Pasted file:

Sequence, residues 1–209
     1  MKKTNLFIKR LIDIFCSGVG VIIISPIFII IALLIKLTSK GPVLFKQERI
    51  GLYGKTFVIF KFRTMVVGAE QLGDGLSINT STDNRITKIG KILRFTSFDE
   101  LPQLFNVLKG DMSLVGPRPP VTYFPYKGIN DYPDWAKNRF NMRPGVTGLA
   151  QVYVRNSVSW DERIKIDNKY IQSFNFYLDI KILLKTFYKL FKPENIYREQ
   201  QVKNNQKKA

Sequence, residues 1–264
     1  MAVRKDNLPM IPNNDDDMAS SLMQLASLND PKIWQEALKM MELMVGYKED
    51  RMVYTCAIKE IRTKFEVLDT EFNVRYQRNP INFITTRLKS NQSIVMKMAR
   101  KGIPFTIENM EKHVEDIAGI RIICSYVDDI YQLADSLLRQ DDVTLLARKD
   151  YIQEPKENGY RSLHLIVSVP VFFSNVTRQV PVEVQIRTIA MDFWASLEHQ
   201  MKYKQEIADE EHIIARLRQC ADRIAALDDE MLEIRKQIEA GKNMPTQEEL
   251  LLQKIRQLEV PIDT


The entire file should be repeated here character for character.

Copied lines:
Sequence, residues 1–209
     1  MKKTNLFIKR LIDIFCSGVG VIIISPIFII IALLIKLTSK GPVLFKQERI
    51  GLYGKTFVIF KFRTMVVGAE QLGDGLSINT STDNRITKIG KILRFTSFDE
   101  LPQLFNVLKG DMSLVGPRPP VTYFPYKGIN DYPDWAKNRF NMRPGVTGLA
   151  QVYVRNSVSW DERIKIDNKY IQSFNFYLDI KILLKTFYKL FKPENIYREQ
   201  QVKNNQKKA

Sequence, residues 1–264
     1  MAVRKDNLPM IPNNDDDMAS SLMQLASLND PKIWQEALKM MELMVGYKED
    51  RMVYTCAIKE IRTKFEVLDT EFNVRYQRNP INFITTRLKS NQSIVMKMAR
   101  KGIPFTIENM EKHVEDIAGI RIICSYVDDI YQLADSLLRQ DDVTLLARKD
   151  YIQEPKENGY RSLHLIVSVP VFFSNVTRQV PVEVQIRTIA MDFWASLEHQ
   201  MKYKQEIADE EHIIARLRQC ADRIAALDDE MLEIRKQIEA GKNMPTQEEL
   251  LLQKIRQLEV PIDT